Monthly Archives: January 2015

The Growing Importance of Mobile Security

According to a report by CompTia, 28% of businesses view security as a significantly higher priority today compared to two years ago, and an even greater percentage of businesses expect the importance of security to rise in the next two years. The study also revealed that while many companies assumed a satisfactory level of security, they did not fully comprehend their exposure to potential security threats. The rise in security threats is largely due to emerging technologies, causing businesses to take a new approach to security. End users now have access to powerful devices and business class systems, often without the oversight of an IT team. Therefore, investing in mobile security is one the smartest things your small to medium sized business can do to protect your organization.

The Human Element to BYOD

According to the study, the factors in security breaches fall 45% to technology error and 55% to human error. With the BYOD (Bring Your Own Device) trend, more and more employees are bringing their own mobile devices to work, and end users typically do not have the background knowledge of security that allows them to recognize potential threats. The desire for productivity and flexibility is driving many businesses to adopt a “use first, secure later” attitude when it comes to mobile security, but this approach puts your business in danger.

Most Common Mobile Security Incidents

Mobility forces businesses to consider data leaving the company in the hands of its employees. The top three reasons for mobile security incidents include: lost/stolen devices, mobile malware, and employees disabling security features. Mobile malware is quickly becoming a growing concern, up 19% from 2012. Since there is a much stronger personal connection to mobile devices, employees are apt to want to use their device however they want to. And, since mobile devices are more closed than laptops, IT departments are not able to place the same safeguards on smartphones and tablets as they are on many other devices.

How to Develop a Mobile Security Plan

The biggest goal with mobile security becomes one of education rather than technical improvement. Companies are quickly realizing that their mobile device security education must be interactive, ongoing, and measurable in order to raise awareness about mobile security. Organizations that have made mobile security education a priority indicate that appropriate and effective training has provided a “relatively high value” or “very high value.” In addition to educating your employees, it’s important to encrypt data on mobile devices, keep OS and apps up to date, and prevent jailbreaking on smartphones. Also make sure that your employees keep passcodes on their devices; while this measure has limited security potential, it at least provides some protection against amateur attackers. If your organization needs guidance learning more about mobile security, contact your trusted IT advisor today.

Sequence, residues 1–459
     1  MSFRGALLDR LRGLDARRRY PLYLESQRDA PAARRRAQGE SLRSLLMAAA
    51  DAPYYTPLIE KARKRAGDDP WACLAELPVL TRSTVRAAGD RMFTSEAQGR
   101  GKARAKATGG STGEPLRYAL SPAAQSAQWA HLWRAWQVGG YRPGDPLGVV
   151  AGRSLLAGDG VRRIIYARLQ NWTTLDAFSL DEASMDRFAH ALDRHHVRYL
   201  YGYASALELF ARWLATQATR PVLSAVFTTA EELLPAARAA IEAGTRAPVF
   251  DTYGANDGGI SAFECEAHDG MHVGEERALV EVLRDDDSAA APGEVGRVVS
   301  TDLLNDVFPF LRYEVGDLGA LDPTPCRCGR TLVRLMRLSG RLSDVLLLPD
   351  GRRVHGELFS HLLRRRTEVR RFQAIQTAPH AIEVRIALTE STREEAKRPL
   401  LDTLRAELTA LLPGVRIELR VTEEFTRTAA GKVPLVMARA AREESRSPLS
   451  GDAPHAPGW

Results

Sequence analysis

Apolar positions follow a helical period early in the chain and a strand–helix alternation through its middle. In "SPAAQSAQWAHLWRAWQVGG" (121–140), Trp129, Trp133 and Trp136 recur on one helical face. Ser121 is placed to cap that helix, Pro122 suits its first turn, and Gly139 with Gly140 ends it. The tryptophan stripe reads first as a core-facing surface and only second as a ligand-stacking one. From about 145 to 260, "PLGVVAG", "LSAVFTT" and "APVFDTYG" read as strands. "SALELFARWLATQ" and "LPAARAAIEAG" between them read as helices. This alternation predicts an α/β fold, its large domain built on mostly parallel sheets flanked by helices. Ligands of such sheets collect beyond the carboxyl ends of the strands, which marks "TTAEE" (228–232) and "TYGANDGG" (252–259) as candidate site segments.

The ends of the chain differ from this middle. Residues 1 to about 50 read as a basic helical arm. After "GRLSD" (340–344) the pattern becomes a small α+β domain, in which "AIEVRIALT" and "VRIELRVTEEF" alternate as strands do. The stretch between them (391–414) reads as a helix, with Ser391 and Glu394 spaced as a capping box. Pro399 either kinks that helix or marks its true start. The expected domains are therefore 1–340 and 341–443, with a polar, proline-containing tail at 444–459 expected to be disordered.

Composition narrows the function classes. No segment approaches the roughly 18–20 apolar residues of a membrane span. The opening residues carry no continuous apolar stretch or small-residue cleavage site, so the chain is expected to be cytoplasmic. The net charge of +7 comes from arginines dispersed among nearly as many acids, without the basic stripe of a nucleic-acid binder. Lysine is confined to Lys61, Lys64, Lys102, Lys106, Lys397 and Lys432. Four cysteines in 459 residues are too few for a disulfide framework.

Is Cloud Computing Secure?

In the early days of Cloud computing, the common perception was that the Cloud automatically opens systems to new, catastrophic risks. When weighing the pros and cons of moving to the Cloud, business owners assumed they were sacrificing security for the business agility that comes with using Cloud systems. Yet, as Cloud adoption becomes more universal, these high levels of adoption are actually seeing an increased level of trust in Cloud computing systems, which begs the question: Can the Cloud lead to more secure computing?

Traditional Network Security

Traditionally, organizations have used on-premises security solutions or contracted with network security experts to protect their network, data, and applications. Data centers imbue a sense of security and control for businesses – feeling more secure is likened to locking down a warehouse and visualizing that anything within the walls of the organization is safe. There’s no question, then that businesses feel an inherent unease with the Cloud concept, because the approach itself seems insecure; your data is stored on servers and systems you don’t own or control. Yet, does control necessarily equate to security?

The Cloud is Just as Safe as On-Premises Security

IT security experts are claiming that fears of the Cloud being unsafe can largely be put to rest. In fact, the Cloud may actually be able to improve the state of IT security. Many Cloud  security experts dispel the Cloud insecurity myth. Many believe the Cloud is  more secure than traditional systems. So, can your business trust your Cloud Service Provider (CSP) to also handle network security?

Which Platform is Right for Your Business?

The answer depends on your needs as a business. Cloud providers can give end users a flexible infrastructure hosted from reliable systems, but your network can become compromised just as quickly by bad policy decisions as an on-premises environment. Speed of incident response and depth of forensics are just as important in preventing security attacks in the first place – the Cloud shows advantages in both of these areas. If you choose to go with the Cloud, make sure you are communicating with your Cloud provider to ensure they are meeting security standards.

In conclusion, IT security experts have agreed that Cloud systems are not inherently unsafe, but businesses still must exercise good judgment when it comes to developing a plan for network security. The best course of action is to focus on a well-defined and executed security strategy with the right technology with whichever platform you choose. If your organization needs guidance learning more about network security, contact your trusted IT advisor today.